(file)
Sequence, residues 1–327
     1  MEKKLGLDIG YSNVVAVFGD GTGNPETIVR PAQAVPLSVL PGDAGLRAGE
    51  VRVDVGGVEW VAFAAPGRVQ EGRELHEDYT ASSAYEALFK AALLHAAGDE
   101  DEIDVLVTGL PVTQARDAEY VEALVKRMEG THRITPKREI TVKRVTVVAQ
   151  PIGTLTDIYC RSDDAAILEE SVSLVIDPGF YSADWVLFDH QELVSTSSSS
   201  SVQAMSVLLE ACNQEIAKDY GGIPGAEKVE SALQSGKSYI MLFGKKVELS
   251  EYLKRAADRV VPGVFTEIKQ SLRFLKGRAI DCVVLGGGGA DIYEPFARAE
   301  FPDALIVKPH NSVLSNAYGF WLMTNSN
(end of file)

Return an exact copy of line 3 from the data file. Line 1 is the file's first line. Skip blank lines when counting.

    51  VRVDVGGVEW VAFAAPGRVQ EGRELHEDYT ASSAYEALFK AALLHAAGDE